Device performance variables, when taken in concert with differences in breathing maneuvers of the patient, can contribute significant intersubject as well as intra-subject variability of the dose to lung. This problem confronts clinicians today, who, in general, tend to indict the aerosol generator or the hardware used to aerosolize these drugs. Hurley et al. showed that respirable fraction (RF) results using gentamicin as model drug with 14 commercial devices varied greatly and related the effect to the type of device used [Hurley P K, Smye S W, Cunliffe H. Assessment of antibiotic aerosol generation using commercial jet nebulizers. J. Aerosol Med., 1994; 7: 217-228; Dahlback M. Behavior of nebulizing solutions and suspensions. J. Aerosol. Med., 1994: 7 (suppl): 13-18]. The RF ranged between 50% with the PulmoNeb device to about 97% for a device sourced from Micro-Cirrus. Considerable differences in the mass output for formulations when nebulized at the same and constant flow rate have also been observed. Here again, the device type appears to be implicated. For example, output of sodium chloride at ˜6L/min was found to be only about 60 mg/min with the Ultra Vent device. This mass output appeared to approach 300 mg/min with the Turbo Turret device although both were operated under the same flow rate conditions.

Smaldone et al. [Smaldone G C, Perry R J, Deutsch D G. Characteristics of nebulizers used in the treatment of AIDS-related Pneumocystis carinii pneumonia. J. Aerosol Med., 1988; 1: 113-126] compared the in vitro performance of three nebulizers for the delivery of pentamidine. Each device was tested under conditions recommended for its use, e.g., specific drug concentration and breathing pattern. Apart from the size of the droplets, the potential deposition efficiency for each device was monitored. At a tidal volume of 750 cc and respiration rate of 20 breaths/min, the three nebulizers (AeroTech II, Respigard and Fisoneb) generated droplets with MMAD ranging between 0.8 and 2.5 μm. The differences appear to be significant and suggest that for each device, the deposition efficiency, i.e., the fraction of dose from the nebulizer estimated to deposit in the lung, was generally independent of drug-concentration and rather related to device performance. For example, the deposition efficiency of AeroTech II was found to be highest (˜20%), followed by Fisoneb (˜15%) and then Respigard (5%). The wide differences in deposition efficiency of these devices stress a need for optimal, relevant, and dose to lung discriminating specifications for nebulizers. The results also suggest that nebulized solutions must be approved with specific devices that are indicated on the label to ensure reproducible dose delivery to the peripheral lung.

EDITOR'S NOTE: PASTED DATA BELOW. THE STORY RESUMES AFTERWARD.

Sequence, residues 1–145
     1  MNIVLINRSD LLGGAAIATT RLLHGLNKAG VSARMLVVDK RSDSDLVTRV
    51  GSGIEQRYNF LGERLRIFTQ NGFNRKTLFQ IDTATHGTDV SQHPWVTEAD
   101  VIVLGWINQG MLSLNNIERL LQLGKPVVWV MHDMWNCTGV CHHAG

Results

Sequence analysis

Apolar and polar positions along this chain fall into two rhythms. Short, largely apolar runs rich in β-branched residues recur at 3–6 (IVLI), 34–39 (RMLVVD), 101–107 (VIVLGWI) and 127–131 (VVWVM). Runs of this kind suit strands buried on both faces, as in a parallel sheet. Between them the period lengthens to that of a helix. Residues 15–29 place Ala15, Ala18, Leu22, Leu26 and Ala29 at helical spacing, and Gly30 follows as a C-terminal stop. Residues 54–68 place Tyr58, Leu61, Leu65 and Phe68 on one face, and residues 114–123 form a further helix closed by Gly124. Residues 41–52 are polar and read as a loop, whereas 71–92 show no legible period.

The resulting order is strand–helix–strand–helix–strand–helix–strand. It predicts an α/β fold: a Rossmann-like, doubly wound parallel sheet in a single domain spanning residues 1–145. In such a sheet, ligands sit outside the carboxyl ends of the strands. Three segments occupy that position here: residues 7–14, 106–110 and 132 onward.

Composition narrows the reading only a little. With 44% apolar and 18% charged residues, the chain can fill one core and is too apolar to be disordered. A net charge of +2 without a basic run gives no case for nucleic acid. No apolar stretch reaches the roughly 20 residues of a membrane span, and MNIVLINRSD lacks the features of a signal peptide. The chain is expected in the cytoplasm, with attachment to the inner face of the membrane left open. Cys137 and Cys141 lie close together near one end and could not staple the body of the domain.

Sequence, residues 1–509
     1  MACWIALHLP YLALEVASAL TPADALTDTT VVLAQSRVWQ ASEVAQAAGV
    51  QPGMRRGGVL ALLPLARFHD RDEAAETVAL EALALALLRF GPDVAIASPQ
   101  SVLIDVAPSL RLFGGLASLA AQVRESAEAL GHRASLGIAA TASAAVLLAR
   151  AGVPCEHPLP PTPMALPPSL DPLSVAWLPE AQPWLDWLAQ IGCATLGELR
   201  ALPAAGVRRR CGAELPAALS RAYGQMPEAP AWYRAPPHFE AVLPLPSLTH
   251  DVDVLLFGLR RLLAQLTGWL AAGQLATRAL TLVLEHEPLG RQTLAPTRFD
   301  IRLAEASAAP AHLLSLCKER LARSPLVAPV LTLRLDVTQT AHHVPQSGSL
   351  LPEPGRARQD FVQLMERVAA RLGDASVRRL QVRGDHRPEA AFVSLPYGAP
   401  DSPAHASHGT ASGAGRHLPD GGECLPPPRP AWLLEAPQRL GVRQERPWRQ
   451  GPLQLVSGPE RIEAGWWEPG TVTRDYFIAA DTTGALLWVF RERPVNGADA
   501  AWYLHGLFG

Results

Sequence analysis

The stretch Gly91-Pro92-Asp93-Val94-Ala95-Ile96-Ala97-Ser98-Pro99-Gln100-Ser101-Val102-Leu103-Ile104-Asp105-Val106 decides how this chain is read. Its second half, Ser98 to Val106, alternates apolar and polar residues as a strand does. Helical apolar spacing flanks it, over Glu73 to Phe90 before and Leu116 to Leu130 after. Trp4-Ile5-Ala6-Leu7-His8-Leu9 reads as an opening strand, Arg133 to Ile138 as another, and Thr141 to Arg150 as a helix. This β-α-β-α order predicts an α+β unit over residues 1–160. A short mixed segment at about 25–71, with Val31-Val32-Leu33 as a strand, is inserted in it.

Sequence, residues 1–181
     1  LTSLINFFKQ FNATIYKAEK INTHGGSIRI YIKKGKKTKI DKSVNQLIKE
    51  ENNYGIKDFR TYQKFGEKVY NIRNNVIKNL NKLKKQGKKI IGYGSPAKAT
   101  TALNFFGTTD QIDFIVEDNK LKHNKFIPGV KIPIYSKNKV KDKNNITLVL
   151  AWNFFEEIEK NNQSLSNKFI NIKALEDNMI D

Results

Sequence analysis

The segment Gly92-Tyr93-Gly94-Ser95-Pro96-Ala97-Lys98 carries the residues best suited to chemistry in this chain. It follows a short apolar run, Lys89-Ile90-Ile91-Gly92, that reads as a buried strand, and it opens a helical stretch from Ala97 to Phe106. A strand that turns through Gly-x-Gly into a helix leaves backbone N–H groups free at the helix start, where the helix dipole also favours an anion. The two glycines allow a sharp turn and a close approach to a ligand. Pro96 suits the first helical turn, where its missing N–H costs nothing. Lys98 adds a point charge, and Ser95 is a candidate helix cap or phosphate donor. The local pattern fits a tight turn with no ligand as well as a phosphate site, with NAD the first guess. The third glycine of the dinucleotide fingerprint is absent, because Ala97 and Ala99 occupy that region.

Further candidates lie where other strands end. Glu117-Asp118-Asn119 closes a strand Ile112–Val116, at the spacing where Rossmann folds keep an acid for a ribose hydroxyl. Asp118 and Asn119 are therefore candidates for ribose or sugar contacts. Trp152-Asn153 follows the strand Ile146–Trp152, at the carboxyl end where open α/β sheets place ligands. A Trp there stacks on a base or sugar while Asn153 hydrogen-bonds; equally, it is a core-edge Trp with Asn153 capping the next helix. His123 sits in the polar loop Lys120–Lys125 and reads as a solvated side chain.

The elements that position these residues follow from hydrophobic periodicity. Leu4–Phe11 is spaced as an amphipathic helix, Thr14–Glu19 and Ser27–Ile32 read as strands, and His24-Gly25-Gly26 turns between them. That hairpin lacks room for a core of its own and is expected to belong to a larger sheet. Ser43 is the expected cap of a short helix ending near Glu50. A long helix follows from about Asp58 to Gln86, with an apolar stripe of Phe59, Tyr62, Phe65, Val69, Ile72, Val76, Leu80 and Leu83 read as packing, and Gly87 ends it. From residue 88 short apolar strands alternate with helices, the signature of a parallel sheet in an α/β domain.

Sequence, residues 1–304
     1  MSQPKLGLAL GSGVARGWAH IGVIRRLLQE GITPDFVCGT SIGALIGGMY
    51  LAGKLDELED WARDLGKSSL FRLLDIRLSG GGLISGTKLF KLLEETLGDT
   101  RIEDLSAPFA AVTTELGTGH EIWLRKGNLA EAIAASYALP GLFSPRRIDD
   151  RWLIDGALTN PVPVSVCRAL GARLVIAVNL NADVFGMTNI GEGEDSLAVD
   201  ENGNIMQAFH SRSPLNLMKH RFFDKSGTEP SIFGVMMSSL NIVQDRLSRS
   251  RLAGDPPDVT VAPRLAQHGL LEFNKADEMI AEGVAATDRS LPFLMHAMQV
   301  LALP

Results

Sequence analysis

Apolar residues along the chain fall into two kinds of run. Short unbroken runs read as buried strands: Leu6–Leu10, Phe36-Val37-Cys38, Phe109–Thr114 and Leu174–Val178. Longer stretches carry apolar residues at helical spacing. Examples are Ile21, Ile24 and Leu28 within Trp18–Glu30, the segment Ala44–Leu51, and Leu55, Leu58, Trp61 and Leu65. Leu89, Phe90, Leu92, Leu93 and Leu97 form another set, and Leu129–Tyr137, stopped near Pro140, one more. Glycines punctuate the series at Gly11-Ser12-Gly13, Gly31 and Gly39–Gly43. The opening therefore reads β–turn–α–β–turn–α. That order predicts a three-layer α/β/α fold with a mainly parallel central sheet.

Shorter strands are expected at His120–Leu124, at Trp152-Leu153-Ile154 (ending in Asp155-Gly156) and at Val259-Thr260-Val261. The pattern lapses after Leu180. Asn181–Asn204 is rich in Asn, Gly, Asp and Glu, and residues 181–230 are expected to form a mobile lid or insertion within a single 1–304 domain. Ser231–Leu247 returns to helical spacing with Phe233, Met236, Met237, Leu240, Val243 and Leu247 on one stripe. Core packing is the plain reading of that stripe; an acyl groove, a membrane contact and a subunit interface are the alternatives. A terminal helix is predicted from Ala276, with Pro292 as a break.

Thus, precision delivery, control, and repeatability of the dosing maneuver, and systematic estimation of dose to lung, i.e., medication delivery, is a problem for most inhaled medicines. Clearly, inhalation devices should be designed to accommodate these issues. Of particular importance is the development of a device that would ensure targeted delivery of inhalation aerosols over a broad range of patient use patterns and anatomical makeup. Therefore, a method which can be used to acquire information regarding patient performance including the dynamic aspects of anatomical features and flowrate information could be instrumental in evolving device design and improving the precision of targeted pulmonary medication delivery. This disclosure utilizes imaging techniques to identify changes in physiological and geometric alignment of the oropharynx as a means to systemize drug doses received by patients.

It is to be understood that this invention is not limited to the particular methodology, devices and formulations described, as such methods, devices and formulations may, of course, vary. It is also to be understood that the terminology used herein is for the purpose of describing particular embodiments only, and is not intended to limit the scope of the present invention. Although any methods and materials similar or equivalent to those described herein can be used in the practice or testing of the invention, the preferred methods and materials are now described. All publications mentioned herein are incorporated herein by reference to describe and disclose specific information for which the reference was cited in connection with.

SUMMARY OF THE INVENTION

It is therefore an object of the present invention to provide a method for using a dynamic real-time imaging technique to identify and measure geometric, spatial and anatomical changes in the oropharynx, trachea and/or upper regions of the lungs during aerosol medicament administration.

It is therefore a further object of the present invention to provide a method for measuring inhalation flow rate contemporaneous with a temporal real-time imaging technique that identifies and measures geometric, spatial, and anatomical changes in the oropharynx, trachea and/or upper regions of the lungs during aerosol medicament administration to the body.